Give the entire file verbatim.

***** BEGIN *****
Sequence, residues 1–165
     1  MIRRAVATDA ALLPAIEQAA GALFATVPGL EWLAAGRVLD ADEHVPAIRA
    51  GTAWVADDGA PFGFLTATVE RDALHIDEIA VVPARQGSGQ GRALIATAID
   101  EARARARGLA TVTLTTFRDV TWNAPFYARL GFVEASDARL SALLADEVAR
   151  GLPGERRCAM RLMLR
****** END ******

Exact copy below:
Sequence, residues 1–165
     1  MIRRAVATDA ALLPAIEQAA GALFATVPGL EWLAAGRVLD ADEHVPAIRA
    51  GTAWVADDGA PFGFLTATVE RDALHIDEIA VVPARQGSGQ GRALIATAID
   101  EARARARGLA TVTLTTFRDV TWNAPFYARL GFVEASDARL SALLADEVAR
   151  GLPGERRCAM RLMLR